Joaquin Phoenix Tells Us About The Time Ridley Scott Tricked Him On The Gladiator Set To Reduce The Actor's Nerves

Joaquin Phoenix Tells Us About The Time Ridley Scott Tricked Him On The Gladiator Set To Reduce The Actor's Nerves

A big reason why movie buffs were curious about Napoleon – which is currently in theaters, and will be available to people with an AppleTV+ account in the coming weeks – is that it marked the first reunion between lead actor Joaquin Phoenix and director Ridley Scott since Gladiator. That 2000 release won Best Picture, Best Actor (for Russell Crowe), and notched Oscar nominations for Phoenix and Scott. But it has been so long since the film came out, it’s easy to forget that Phoenix was in his mid-20s at the time of filming. And while he had film and television experience heading into Gladiator, he hadn’t experienced filmmaking on that scale… and Ridley Scott noticed it. 

Joaquin Phoenix plays Commodus in the film, son of a great leader who murders his father in order to assume his throne. Phoenix is back playing a famous military leader in Napoleon, and excelling at it based on our review. But when Phoenix returned to CinemaBlend’s official ReelBlend podcast, he started thinking back to his earlier collaboration with Sir Ridley Scott, and reliving a few horrors he experienced during the beginning of the shoot. As Phoenix told us:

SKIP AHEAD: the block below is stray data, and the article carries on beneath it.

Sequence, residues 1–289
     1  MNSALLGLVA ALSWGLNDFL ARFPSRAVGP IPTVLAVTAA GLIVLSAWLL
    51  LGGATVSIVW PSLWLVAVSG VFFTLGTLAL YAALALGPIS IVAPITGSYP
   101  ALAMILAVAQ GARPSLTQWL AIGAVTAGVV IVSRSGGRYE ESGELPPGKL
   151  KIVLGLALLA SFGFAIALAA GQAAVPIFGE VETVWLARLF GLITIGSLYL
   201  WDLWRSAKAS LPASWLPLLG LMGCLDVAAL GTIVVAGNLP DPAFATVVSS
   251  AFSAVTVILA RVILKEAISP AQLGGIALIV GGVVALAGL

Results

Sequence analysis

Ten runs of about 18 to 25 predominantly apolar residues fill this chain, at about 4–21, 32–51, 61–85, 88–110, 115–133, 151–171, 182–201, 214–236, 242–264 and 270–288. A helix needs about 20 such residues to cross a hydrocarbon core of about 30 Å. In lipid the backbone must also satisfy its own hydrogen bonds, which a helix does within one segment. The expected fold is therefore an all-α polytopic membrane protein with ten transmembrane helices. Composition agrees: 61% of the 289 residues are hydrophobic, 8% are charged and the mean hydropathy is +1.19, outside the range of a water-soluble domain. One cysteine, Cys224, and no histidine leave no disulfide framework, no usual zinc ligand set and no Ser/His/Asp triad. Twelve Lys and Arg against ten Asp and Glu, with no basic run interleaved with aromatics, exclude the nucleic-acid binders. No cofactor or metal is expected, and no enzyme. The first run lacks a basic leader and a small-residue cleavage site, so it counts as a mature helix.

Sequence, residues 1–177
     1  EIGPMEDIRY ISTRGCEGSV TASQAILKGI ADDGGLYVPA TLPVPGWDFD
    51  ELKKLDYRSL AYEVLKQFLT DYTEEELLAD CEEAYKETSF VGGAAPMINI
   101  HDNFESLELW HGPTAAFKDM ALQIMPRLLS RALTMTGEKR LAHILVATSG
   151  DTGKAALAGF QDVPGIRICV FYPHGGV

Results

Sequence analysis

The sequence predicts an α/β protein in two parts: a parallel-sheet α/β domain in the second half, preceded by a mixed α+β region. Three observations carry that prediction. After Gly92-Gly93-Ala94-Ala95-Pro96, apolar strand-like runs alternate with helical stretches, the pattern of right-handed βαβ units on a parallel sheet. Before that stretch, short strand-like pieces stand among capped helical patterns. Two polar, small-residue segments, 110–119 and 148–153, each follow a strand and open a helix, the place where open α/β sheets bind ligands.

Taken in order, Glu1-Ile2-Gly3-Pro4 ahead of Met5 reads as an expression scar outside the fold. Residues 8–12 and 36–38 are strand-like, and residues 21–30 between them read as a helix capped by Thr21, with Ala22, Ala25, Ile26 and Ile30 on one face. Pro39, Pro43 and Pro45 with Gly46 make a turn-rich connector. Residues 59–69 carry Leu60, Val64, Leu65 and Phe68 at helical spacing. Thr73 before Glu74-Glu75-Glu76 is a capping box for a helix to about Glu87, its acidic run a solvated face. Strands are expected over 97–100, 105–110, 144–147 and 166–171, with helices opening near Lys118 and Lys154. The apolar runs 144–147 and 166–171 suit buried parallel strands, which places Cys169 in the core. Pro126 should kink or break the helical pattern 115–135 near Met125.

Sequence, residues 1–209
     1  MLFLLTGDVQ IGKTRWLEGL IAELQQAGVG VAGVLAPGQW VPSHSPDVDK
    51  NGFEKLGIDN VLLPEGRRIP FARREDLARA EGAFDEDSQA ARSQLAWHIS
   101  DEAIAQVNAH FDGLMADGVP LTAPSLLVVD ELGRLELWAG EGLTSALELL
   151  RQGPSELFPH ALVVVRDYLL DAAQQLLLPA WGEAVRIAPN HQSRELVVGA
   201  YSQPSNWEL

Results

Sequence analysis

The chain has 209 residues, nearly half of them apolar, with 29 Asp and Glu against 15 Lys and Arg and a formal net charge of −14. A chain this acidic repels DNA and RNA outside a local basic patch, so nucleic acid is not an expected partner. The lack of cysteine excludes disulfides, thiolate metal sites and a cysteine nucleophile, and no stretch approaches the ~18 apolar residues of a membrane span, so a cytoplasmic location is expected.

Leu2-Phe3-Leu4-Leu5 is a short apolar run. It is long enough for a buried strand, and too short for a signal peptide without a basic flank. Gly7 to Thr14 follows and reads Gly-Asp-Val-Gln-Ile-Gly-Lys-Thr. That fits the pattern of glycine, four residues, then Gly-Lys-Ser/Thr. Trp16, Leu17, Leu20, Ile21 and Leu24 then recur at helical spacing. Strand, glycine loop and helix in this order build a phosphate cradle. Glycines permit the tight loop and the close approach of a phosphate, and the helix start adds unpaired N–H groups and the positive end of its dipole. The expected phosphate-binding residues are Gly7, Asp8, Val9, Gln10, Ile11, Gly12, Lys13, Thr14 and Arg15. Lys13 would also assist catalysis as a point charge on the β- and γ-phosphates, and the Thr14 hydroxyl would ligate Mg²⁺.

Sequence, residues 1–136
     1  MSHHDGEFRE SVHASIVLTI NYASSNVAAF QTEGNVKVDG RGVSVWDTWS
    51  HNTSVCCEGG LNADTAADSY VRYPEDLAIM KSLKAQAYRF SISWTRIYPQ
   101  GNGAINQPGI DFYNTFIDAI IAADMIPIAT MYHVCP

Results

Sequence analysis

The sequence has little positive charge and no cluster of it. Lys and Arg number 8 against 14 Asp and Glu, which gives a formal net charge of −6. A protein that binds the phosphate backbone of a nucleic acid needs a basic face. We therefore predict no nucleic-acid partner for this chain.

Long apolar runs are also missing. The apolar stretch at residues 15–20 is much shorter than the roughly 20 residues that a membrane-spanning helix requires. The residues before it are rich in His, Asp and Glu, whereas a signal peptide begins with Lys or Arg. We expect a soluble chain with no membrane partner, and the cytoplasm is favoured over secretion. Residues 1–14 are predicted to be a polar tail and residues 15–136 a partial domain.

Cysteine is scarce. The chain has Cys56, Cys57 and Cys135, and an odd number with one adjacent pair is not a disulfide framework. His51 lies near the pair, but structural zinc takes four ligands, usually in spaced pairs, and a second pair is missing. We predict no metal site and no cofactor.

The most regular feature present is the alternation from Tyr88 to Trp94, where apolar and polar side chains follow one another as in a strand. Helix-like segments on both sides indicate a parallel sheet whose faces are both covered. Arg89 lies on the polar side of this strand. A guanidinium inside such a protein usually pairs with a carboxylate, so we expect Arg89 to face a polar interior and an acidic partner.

I was so green. I obviously had been acting since I was a kid. But I'd never been a part of a major production. And when I arrived on set for Gladiator, honestly, I was so sick. I was shaking. I couldn't believe the size of the location, and just how many trucks there were. And I was terrified. Like really, truly terrified. I couldn't do the first scene. I was literally visibly shaking and I couldn't get through the dialogue. My voice was quivering. And (Scott) kept (rolling). It was just take after take after take. I can't remember how many takes we did. Just, I mean, for hours. And at the end… of the movie, he said, ‘Do you know that I didn't have any film in the camera until like the last five takes?’ He KNEW that it wouldn't be helpful to me to just say, ‘Let's rehearse it.’ He had to make me feel as if we were actually filming. And he was asking the crew to keep doing this shot over and over. But he knew it was the only way for me to get to this place of feeling comfortable. I just was so amazed by that.

Joaquin Phoenix may have been green on the set of Gladiator, but Sir Ridley Scott was anything but. Many of the director’s best films, including Blade Runner and Alien, were produced prior to Gladiator. So Scott had time and experience having worked with all types of actors to be able to understand what it was that Phoenix needed as Commodus. As Phoenix went on to explain to ReelBlend:   

I really felt he did a thing that's really important that a director should do, especially with a young actor, is empower them. If you feel that they have an understanding of the character, and an emotional intelligence, then you empower them to find something, and help be a part of that creativity. And he did that for me. He really encouraged me to define that character. And so I've always remembered working with him fondly.

Which helps explain why they are back together for Napoleon, which is performing well at the box office, even though history buffs can’t stop taking shots at the movie’s historical accuracy. Phoenix discusses that in detail during our full interview on ReelBlend. Watch it now:

It will be interesting to see what Napoleon does in the ongoing awards race. The Academy has shown a penchant for appreciating both Ridley Scott and Joaquin Phoenix, who just won for playing The Joker. We will keep an eye on that competition, even as we shift focus to the upcoming 2024 movies that also are circling dates on the calendar.